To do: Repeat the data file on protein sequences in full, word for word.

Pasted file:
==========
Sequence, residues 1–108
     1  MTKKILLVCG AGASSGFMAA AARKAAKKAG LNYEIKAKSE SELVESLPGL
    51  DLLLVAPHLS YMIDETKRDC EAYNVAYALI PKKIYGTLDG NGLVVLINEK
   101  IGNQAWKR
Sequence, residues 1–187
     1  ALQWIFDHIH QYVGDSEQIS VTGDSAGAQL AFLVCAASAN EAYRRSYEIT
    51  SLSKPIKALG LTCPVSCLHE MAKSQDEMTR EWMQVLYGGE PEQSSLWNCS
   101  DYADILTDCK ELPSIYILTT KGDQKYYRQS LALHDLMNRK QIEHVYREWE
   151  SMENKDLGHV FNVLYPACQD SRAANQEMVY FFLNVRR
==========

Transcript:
Sequence, residues 1–108
     1  MTKKILLVCG AGASSGFMAA AARKAAKKAG LNYEIKAKSE SELVESLPGL
    51  DLLLVAPHLS YMIDETKRDC EAYNVAYALI PKKIYGTLDG NGLVVLINEK
   101  IGNQAWKR
Sequence, residues 1–187
     1  ALQWIFDHIH QYVGDSEQIS VTGDSAGAQL AFLVCAASAN EAYRRSYEIT
    51  SLSKPIKALG LTCPVSCLHE MAKSQDEMTR EWMQVLYGGE PEQSSLWNCS
   101  DYADILTDCK ELPSIYILTT KGDQKYYRQS LALHDLMNRK QIEHVYREWE
   151  SMENKDLGHV FNVLYPACQD SRAANQEMVY FFLNVRR